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msh's avatar

Does Yellow Mean Floor It?

Asked by msh (4262points) September 11th, 2015 from iPhone

All drivers face this dilemma at some point: You are driving and coming up to an intersection. As you are almost up to the ‘Stop Car Here’ bar in the road, the traffic light turns yellow. You know the light will change to red before the time that the nose of your car crosses the opposite side’s pedestrian crossing lines.
What do you do?
What if a police car is waiting for their green light to go, and can see you? Does this change your actions?
What if kids are in your car?

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9 Answers

JeSuisRickSpringfield's avatar

No, yellow does not mean “floor it.” It means “stop unless you can make it through before the light turns red at your current speed.” I’m not saying I’ve never sped through a yellow light when I’m in a hurry. I’m pretty sure everyone has. But I try my best to be patient.

And seeing a police officer always changes my behavior. I don’t want to end up dead on the side of the road.

rojo's avatar

Red means stop.
Green means go.
Yellow means go faster.

Duh. What is our edukashun sistim cumming too?

kritiper's avatar

No, not really. There are times when you suddenly notice that the light has turned to yellow and you don’t know how long it has been like that, but it means stop if you can, and if you can’t, proceed with caution!

zenvelo's avatar

@JeSuisRickSpringfield has it right. If you cannot get through the intersection before the light turns red, you are running a red light. If a policeman (or a red light camera!) sees this, you can get a ticket.

One should not change driving behavior because kids are in the car. One ought to drive just as safe and cautiously with kids or without.

elbanditoroso's avatar

In Boston and parts of NY, yes, that’s exactly what it means.

In most civilized parts of the country, yellow means slow down / caution.

jca's avatar

In areas where you know there are traffic cameras, it definitely means stop.

sahID's avatar

@JeSuisRickSpringfield has the perfect explanation . . . for a perfect world. Sadly, though, this is not a perfect world, especially when it comes to driver behavior.

With regard to the question regarding the presence of a police car at the intersection: its effect depends on the driver. An example: one evening years ago I was approaching a major five-way intersection where a non injury two vehicle accident had recently occurred. A cop was sitting in his patrol car at the intersection, wrapping up the post-accident paperwork, and had his light bar active. I saw six vehicles in a row run a red light right in front of the easily seen cruiser. I saw them do it, and even now, years later, I still don’t believe it.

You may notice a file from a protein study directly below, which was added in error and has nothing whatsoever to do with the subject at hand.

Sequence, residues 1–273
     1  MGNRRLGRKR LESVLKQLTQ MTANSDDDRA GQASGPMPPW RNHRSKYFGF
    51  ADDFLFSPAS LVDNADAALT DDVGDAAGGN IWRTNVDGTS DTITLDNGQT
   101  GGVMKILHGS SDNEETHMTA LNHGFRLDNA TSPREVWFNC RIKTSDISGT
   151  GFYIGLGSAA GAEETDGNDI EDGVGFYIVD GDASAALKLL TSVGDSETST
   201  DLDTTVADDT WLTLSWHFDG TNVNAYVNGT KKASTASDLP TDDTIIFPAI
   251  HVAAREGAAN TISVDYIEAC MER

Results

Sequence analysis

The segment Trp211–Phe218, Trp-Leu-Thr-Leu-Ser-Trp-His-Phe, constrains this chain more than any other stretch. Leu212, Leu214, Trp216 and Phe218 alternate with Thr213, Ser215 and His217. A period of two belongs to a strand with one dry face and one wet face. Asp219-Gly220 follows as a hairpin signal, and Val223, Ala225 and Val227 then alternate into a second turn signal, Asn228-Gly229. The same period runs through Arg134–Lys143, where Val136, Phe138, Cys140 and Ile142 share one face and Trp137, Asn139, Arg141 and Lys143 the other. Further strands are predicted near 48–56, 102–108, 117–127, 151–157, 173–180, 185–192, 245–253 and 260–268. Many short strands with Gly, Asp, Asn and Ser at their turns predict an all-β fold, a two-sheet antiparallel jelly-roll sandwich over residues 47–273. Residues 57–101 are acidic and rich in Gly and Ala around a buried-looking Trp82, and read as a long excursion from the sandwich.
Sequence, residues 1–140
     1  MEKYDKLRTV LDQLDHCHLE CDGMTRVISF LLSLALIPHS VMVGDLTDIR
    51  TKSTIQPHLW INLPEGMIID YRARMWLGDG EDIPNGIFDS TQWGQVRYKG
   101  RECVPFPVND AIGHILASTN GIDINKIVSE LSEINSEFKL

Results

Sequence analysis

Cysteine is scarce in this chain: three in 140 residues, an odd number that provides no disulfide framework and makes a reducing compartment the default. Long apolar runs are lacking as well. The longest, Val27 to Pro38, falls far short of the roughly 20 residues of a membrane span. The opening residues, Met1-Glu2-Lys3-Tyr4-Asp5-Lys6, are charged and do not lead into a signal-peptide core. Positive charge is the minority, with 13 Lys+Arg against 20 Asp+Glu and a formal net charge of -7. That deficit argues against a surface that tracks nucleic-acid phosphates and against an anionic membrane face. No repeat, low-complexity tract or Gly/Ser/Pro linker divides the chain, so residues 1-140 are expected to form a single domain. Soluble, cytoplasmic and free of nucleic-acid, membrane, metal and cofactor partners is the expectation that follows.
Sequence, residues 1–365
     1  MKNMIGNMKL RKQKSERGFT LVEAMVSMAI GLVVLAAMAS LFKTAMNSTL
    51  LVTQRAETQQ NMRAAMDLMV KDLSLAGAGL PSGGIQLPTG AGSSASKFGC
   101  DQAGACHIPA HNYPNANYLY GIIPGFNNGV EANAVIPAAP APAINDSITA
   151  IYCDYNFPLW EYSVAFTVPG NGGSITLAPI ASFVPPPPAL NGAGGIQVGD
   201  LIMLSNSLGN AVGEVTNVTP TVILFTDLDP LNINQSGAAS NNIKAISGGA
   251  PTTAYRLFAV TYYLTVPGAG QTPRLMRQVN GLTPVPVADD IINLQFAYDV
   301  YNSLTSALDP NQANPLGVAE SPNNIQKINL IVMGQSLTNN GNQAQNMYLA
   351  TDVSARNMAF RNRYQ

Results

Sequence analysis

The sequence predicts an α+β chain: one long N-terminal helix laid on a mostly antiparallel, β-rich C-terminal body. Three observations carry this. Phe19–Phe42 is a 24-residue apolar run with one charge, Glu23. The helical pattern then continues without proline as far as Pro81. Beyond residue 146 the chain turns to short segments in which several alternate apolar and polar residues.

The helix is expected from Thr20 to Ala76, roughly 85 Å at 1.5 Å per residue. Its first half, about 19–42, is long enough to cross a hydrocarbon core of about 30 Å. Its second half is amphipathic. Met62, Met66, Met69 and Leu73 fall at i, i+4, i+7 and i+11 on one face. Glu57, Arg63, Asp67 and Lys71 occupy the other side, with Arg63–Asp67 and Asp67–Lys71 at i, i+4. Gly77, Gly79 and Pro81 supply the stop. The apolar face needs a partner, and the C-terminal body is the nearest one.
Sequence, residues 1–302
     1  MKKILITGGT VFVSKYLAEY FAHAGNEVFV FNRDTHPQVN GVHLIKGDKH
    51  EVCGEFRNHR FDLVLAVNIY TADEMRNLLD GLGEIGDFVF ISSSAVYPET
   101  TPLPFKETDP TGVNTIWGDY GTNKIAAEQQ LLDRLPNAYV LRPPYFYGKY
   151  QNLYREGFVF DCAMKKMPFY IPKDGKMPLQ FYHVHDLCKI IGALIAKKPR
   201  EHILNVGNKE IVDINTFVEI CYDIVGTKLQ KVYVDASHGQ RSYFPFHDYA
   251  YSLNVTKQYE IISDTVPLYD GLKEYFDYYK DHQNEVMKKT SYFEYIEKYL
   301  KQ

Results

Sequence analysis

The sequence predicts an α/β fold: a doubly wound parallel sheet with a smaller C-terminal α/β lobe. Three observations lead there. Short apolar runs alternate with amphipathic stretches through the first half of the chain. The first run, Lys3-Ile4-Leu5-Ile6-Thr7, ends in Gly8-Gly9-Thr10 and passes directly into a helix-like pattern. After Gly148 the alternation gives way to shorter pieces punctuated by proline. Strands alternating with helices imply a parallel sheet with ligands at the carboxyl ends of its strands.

Around the city where I live, most drivers keep going until the light turns red.

LuckyGuy's avatar

I just purchased a traffic control unit for a project and was surprised to learn that not every country has the same pattern like the US: Red, Green, Yellow, Red.

The mode listed as “British” is: Red, Red +Yellow, Green, Yellow, Red.
You can interpret the colors as Red: On your mark!; Red +Yellow: Get Set!; Green: Go!
Can you imagine if they had that in NY City?

jerv's avatar

It depends mostly on speed and distance since the brakes on the cars I favor (late-80s Corollas) tend to be a little weaker than those on more modern cars (with their power steering and fuel injection). There is also the small matter that stopping my car requires both feet and my right hand as opposed to just moving my right foot over. I’m a little more likely to try to accelerate.

Would a cop’s presence change my behavior? No. We have red light cameras all over around here, so even when the police aren’t there, they’re there.

If there are kids in my car, I would have too many questions about how they got there to even drive anywhere until I got some answers.

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